Atrial flutter medical therapy

Revision as of 16:16, 16 April 2020 by Roukoz Abou Karam (talk | contribs) (→‎Medical Therapy)
(diff) ← Older revision | Latest revision (diff) | Newer revision → (diff)
Jump to navigation Jump to search

Atrial flutter Microchapters


Patient Information


Historical Perspective




Differentiating Atrial flutter from other Diseases

Epidemiology and Demographics

Risk Factors


Natural History, Complications and Prognosis


Diagnostic Study of Choice

History and Symptoms

Physical Examination

Laboratory Findings


EKG Examples

Chest X Ray


CT scan


Other Imaging Findings

Other Diagnostic Studies


Medical Therapy

2015 ACC/AHA Guideline Recommendations

Acute Treatment of Atrial Flutter
Ongoing Management of Atrial Flutter


Primary Prevention

Secondary Prevention

Cost-Effectiveness of Therapy

Future or Investigational Therapies

Case Studies

Case #1

Atrial flutter medical therapy On the Web

Most recent articles

Most cited articles

Review articles

CME Programs

Powerpoint slides


American Roentgen Ray Society Images of Atrial flutter medical therapy

All Images
Echo & Ultrasound
CT Images

Ongoing Trials at Clinical

US National Guidelines Clearinghouse

NICE Guidance

FDA on Atrial flutter medical therapy

CDC on Atrial flutter medical therapy

Atrial flutter medical therapy in the news

Blogs on Atrial flutter medical therapy

Directions to Hospitals Treating Atrial flutter

Risk calculators and risk factors for Atrial flutter medical therapy

Editor-In-Chief: C. Michael Gibson, M.S., M.D. [1]; Associate Editor(s)-in-Chief: Raviteja Guddeti, M.B.B.S. [2]


The management of atrial flutter is similar to that of atrial fibrillation with primary goals being control of ventricular rate, restoration of sinus rhythm, and prevention of recurrent episodes and thromboembolic episodes. In the setting of unstable hemodynamics immediate electrical cardioversion is recommended. because of the high success rate and low complication rate radiofrequency ablation is considered superior to medical therapy in atrial flutter.

Medical Therapy

Treatment goals in the management of atrial flutter include:[1][2]

Treatment modalities for atrial flutter include:

Electric Cardioversion

  • Synchronous direct current (DC) cardioversion is used as the initial treatment strategy in the management of hemodynamically unstable atrial flutter patients in the emergency department. External electrical cardioversion is effective in more than 90% of the cases and the initial shock strength used is 50 joules biphasic direct current.[3]
  • Sometimes the first shock may convert an atrial flutter to atrial fibrillation, in such cases a second shock preferable of a higher strength is usually given to restore sinus rhythm.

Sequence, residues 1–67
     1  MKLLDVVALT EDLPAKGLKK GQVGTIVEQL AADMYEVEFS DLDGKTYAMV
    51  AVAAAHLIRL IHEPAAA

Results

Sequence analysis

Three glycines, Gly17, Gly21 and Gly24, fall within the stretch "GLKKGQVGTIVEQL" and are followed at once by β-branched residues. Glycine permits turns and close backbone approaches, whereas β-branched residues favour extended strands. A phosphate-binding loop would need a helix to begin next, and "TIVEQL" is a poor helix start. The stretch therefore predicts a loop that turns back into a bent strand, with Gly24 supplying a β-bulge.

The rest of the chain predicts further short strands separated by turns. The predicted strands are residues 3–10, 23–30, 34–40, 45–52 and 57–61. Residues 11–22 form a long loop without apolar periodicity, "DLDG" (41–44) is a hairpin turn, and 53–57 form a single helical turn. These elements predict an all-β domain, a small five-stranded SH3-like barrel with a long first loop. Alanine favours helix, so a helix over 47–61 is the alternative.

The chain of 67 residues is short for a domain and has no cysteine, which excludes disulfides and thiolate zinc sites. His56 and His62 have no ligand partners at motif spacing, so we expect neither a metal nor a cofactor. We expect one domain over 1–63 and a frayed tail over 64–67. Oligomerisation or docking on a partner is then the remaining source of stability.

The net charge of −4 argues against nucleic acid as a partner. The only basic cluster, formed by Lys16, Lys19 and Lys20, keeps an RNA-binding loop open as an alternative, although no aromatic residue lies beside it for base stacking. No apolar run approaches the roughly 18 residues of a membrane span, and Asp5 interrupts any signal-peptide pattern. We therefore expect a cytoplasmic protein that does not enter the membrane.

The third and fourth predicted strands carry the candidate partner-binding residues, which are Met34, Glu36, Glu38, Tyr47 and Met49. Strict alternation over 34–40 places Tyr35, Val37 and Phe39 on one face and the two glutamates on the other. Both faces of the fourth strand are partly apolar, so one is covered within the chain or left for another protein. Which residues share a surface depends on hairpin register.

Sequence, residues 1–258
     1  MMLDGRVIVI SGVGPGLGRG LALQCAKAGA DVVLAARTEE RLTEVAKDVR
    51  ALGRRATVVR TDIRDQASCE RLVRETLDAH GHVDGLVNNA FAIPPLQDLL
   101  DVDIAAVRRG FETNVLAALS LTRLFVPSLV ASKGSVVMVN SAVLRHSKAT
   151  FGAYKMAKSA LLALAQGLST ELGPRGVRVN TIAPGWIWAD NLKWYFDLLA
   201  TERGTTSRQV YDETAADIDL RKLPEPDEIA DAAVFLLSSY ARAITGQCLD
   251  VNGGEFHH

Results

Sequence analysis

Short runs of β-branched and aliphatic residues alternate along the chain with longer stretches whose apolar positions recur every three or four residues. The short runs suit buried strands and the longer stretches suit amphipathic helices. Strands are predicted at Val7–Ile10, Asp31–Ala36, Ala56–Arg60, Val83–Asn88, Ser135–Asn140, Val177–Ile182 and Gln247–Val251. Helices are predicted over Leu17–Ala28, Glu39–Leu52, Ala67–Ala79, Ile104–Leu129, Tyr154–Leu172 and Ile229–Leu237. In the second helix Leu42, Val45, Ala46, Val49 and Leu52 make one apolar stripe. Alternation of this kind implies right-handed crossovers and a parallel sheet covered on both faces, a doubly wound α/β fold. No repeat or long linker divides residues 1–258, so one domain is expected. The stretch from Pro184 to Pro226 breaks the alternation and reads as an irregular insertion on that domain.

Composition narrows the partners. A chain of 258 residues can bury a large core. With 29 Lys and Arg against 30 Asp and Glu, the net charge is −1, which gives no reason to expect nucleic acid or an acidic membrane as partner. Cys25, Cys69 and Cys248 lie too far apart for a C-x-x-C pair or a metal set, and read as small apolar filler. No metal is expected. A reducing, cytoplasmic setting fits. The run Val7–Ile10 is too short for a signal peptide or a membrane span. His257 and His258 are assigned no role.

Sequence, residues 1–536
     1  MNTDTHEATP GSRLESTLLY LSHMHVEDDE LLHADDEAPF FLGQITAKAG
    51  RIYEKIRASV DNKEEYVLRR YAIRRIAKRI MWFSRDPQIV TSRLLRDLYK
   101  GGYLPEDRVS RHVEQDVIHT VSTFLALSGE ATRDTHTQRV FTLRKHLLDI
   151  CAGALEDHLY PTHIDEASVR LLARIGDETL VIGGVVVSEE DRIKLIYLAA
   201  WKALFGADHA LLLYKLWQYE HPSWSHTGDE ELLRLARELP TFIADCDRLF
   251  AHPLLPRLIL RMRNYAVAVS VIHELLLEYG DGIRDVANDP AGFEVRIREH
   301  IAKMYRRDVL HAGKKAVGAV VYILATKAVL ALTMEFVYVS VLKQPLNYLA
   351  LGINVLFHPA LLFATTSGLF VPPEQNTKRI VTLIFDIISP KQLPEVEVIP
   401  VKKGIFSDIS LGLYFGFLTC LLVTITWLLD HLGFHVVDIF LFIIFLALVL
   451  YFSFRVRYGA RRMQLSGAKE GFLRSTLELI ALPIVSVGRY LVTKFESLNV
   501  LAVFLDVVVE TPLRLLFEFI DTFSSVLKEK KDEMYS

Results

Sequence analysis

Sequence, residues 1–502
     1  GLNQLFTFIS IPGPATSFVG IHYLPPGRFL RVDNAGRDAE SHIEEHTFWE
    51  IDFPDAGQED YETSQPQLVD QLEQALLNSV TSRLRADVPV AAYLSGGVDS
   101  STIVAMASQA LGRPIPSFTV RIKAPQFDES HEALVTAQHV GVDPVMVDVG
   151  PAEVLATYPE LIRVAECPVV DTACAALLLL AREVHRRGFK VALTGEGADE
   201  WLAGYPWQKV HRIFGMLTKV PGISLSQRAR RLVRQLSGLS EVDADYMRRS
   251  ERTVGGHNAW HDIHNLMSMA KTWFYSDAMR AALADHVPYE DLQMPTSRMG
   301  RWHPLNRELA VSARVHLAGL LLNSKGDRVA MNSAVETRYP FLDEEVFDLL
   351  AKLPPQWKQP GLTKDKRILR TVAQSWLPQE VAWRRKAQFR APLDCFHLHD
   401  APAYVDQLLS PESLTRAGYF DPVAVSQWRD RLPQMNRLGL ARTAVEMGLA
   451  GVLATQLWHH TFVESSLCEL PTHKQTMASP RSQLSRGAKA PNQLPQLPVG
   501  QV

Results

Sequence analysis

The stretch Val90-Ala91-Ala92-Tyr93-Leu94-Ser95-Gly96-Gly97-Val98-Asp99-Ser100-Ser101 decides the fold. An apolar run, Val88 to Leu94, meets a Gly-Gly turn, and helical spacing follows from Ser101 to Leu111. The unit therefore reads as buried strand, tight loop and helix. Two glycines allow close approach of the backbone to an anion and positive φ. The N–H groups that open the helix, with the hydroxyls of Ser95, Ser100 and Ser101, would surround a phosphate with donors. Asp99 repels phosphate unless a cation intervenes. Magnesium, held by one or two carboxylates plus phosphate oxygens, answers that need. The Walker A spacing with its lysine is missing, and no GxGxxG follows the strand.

• Electric cardioversion increases the risk of stroke and hence pre-treatment with a blood thinner is advised if time permits.

AV Nodal Agents

Antiarrhythmic Agents

Rapid Atrial Pacing

  • As external electrical cardioversion requires anesthesia some doctors prefer atrial overdrive pacing to terminate episodes of atrial flutter.
  • In overdrive pacing the atria are continuously paced at a rate higher than that of the patient's sinus node, which causes an alteration in the atrial rate, propagation and also suppresses the automaticity caused by electrical remodeling in the diseased fibers. Unsuccessful pacing can be due to:[6]

Contraindicated medications

  • Insufficient rate and duration of pacing
  • Bad electrode contact in the atrium
  • Insufficient outlet current


  1. Lanzarotti CJ, Olshansky B (November 1997). "Thromboembolism in chronic atrial flutter: is the risk underestimated?". J. Am. Coll. Cardiol. 30 (6): 1506–11. doi:10.1016/s0735-1097(97)00326-4. PMID 9362409.
  2. January CT, Wann LS, Alpert JS, Calkins H, Cigarroa JE, Cleveland JC; et al. (2014). "2014 AHA/ACC/HRS guideline for the management of patients with atrial fibrillation: a report of the American College of Cardiology/American Heart Association Task Force on Practice Guidelines and the Heart Rhythm Society". J Am Coll Cardiol. 64 (21): e1–76. doi:10.1016/j.jacc.2014.03.022. PMID 24685669.
  3. Crijns HJ, Van Gelder IC, Tieleman RG, Brügemann J, De Kam PJ, Gosselink AT, Bink-Boelkens MT, Lie KI (January 1997). "Long-term outcome of electrical cardioversion in patients with chronic atrial flutter". Heart. 77 (1): 56–61. doi:10.1136/hrt.77.1.56. PMC 484636. PMID 9038696.
  4. Wellens HJ (2002). "Contemporary management of atrial flutter". Circulation. 106 (6): 649–52. doi:10.1161/01.cir.0000027683.00417.9a. PMID 12163422.
  5. Vos MA, Golitsyn SR, Stangl K, Ruda MY, Van Wijk LV, Harry JD, Perry KT, Touboul P, Steinbeck G, Wellens HJ (June 1998). "Superiority of ibutilide (a new class III agent) over DL-sotalol in converting atrial flutter and atrial fibrillation. The Ibutilide/Sotalol Comparator Study Group". Heart. 79 (6): 568–75. doi:10.1136/hrt.79.6.568. PMC 1728725. PMID 10078083.
  6. Rozsíval V, Kvasnicka J (1984). "Atrial flutter treatment by rapid atrial pacing". Cor Vasa. 26 (3): 167–72. PMID 6478843.

Template:WH Template:WS